Speaking at Harvard Law School, Justice Anthony Kennedy — author of the lawless Obergefell majority opinion — essentially declared “Rule of law for thee, but not for me.” At an appearance at Harvard Law School, a student asked him about the Kim Davis case, and he responded like this:
Referring to laws governing both marriage and abortion, the young man asked Kennedy, “Would you say that there are any state or federal officials with authority to act according to her own judgment of the truth of new insights or of the soundness of the court’s constitutional interpretation, or would it be illegal for any federal official or state official to enforce or to act according to the old understanding of life and the Constitution that she still judges to be the truth of the matter?”
The justice responded by pointing out that only three judges resigned during Germany’s Third Reich — the government of Adolf Hitler — and said, “Great respect, it seems to me, has to be given to people who resign rather than do something they view as morally wrong, in order to make a point. However, the rule of law is that, as a public official, in performing your legal duties, you are bound to enforce the law.”
“This requires considerable introspection,” he continued, “and it’s a fair question that officials can and should ask themselves. But certainly, in an offhand comment, it would be difficult for me to say that people are free to ignore a decision by the Supreme Court.”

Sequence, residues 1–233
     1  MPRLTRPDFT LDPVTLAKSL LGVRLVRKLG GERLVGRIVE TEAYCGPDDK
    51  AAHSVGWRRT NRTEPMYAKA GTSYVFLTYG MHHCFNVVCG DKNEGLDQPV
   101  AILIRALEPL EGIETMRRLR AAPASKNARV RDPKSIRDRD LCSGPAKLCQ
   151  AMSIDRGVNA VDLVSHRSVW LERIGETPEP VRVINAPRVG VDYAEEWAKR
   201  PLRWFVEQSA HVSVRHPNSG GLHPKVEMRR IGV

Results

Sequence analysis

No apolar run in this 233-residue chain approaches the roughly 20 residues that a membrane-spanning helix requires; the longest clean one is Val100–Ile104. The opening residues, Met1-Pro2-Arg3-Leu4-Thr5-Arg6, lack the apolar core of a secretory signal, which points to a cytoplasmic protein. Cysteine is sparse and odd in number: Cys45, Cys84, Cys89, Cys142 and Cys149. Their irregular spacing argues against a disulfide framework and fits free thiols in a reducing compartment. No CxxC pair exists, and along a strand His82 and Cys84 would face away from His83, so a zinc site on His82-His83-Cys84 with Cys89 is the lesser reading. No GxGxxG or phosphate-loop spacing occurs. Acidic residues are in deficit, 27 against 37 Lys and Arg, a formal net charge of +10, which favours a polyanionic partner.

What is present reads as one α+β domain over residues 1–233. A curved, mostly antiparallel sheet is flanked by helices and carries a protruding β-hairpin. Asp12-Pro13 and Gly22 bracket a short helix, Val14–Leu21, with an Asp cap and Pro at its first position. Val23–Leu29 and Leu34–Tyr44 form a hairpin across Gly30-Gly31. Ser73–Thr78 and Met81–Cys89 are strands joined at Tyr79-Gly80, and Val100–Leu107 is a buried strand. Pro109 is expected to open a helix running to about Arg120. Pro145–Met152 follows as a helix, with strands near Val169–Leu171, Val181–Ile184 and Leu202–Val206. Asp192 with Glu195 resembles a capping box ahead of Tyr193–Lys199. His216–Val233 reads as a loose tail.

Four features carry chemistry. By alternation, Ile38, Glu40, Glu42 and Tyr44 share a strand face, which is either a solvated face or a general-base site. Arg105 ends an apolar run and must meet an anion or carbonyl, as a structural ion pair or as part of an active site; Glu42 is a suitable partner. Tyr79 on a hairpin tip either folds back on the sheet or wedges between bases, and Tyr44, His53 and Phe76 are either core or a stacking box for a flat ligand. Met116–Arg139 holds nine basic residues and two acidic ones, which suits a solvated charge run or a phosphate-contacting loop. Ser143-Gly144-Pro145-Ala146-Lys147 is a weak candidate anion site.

A Hitler analogy? Really? Well, Justice Kennedy started it (and — oddly — in his own analogy he’s playing the role of the Nazis), so let’s roll with the reasoning. If he admires the three judges who resigned rather than comply with Nazi directives, how much more should he respect judges who actively resisted? After all, if the “rule of law” is broken from the top, then it behooves the lesser authorities not just to resign and clear the way for tyranny but rather resist, and try to stop the tyrant in his tracks.
Setting aside his Nazi analogy, let’s not forget what Kennedy did in Obergefell. In an opinion that contained such pearls of “legal” reasoning as this: “Marriage responds to the universal fear that a lonely person might call out only to find no one there” Justice Kennedy and his four liberal comrades stepped far outside the bounds of their constitutional role and created new law — “law” that trumped a myriad of democratically-enacted state statutes and constitutional amendments. Now, having behaved lawlessly, Justice Kennedy invokes the “rule of law” to command obedience to his dictates? I don’t think so. The Supreme Court jettisoned the rule of law, leaving only the rule of lawyers — backed by the power of the state.
The full exchange is below, with the student’s question beginning at the 51:00 mark: